See folks LOVE to play the righteous role…like their whole life has been an angel’s walk. Not my story.  lovnd and own their place as change agents in this world…I choose this work over a career that could easily yield me $60K+ a year. This work that I am lucky to earn $10K  a year. Why?

Because I remember. Because they are girls like me and I know what they can be IF we invest in them making it to the other side, successful, wounded healers bettering their community. Feeling loved. Being love.

Stop judging our babies. Stop treating them like they are just another headline or case study of the day. They are still yet babies with a whole lot of growing up to do. See their value. See how you can increase your value by investing in them.

Please. There is no future that we do not nurture.

*I had completely come to a different understanding of my worth by my senior year of high school. I avoided physical conflicts. I spent time with productive friends who had ambition and dreams. I was ALWAYS surrounded by a loving mother/grandmother/father/stepmothers, extended church family….this all made a difference.

Disconnect. Denial. Bloodshed: When losing a generation is not enough

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You feel a depth of pain that at first snags your heart and you cry tears of sadness. Then an angry sensation sears  through your nervous system…it is a state of existence that seems quite normal if one lives in Chicago and is in tune with the events of the hood or just regularly watches the news. All of it seems to settle with a big depressing thud right in the middle of your spirit and you ask yourself how many more? What can I do? Why? How?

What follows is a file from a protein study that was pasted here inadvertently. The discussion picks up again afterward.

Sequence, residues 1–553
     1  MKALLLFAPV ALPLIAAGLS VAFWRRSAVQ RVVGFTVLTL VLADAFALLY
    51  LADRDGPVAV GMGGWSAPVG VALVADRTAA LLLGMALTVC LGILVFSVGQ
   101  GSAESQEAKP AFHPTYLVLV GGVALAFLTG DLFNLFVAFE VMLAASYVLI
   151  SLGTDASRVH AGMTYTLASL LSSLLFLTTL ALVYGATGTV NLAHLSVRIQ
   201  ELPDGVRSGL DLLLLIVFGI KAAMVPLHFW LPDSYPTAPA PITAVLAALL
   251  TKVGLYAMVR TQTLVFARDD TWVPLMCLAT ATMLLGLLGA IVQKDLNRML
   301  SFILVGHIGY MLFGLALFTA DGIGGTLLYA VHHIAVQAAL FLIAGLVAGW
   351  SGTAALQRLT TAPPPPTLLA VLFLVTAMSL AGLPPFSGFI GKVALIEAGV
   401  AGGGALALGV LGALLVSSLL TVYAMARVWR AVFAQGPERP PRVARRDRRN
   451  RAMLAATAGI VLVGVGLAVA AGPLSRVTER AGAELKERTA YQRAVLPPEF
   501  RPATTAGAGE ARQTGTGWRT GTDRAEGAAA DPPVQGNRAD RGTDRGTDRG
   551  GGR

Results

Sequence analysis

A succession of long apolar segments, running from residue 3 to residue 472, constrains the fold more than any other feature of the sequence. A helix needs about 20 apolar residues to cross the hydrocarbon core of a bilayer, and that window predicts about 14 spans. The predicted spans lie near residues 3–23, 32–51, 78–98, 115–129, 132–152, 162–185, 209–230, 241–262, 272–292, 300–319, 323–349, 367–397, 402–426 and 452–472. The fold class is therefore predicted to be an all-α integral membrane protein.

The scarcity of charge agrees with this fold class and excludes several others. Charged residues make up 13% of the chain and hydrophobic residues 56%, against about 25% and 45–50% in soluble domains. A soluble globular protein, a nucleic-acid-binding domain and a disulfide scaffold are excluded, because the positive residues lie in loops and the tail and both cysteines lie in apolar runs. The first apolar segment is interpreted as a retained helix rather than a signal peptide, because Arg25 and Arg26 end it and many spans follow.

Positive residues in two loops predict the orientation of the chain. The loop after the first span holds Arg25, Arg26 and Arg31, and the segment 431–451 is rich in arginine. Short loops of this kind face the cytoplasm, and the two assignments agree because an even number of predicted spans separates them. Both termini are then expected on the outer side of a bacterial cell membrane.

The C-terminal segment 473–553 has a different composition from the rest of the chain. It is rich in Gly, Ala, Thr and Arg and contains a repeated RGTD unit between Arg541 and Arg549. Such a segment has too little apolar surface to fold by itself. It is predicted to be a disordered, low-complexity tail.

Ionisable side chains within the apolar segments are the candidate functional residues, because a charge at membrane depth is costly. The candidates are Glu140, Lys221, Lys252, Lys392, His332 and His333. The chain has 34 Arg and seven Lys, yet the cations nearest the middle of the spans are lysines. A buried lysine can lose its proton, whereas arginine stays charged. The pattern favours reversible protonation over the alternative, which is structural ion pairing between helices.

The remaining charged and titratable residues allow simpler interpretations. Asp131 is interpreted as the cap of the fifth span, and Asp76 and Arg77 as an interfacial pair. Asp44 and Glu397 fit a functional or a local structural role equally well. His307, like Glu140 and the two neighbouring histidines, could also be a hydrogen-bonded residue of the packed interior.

The loss of life is never any less senseless in situations where children are involved…never a way to make sense of the insanity, even after the 50th child is murdered within the first four months of 2014.

Such is the case upon hearing the news that 14 year old Endia Martin was shot to death, by her 14 year old former friend; an argument over a boy taken to the streets from a Facebook beef.

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The anger consumes you and you want somebody to pay for the absolutely deranged order of things. Whereby kids are no longer arguing and having a fist fight but cocking back and following through with pulling a trigger to not only shoot at, but shoot again until the victim falls like action in a video game. But it is not a game. No brilliant sounds  or lights signaling the score or proclaiming a winner. It is real. And the only sounds and flashing lights come from the ambulance and police cars…no winners. Two lives lost in a minute of thoughtless aggression.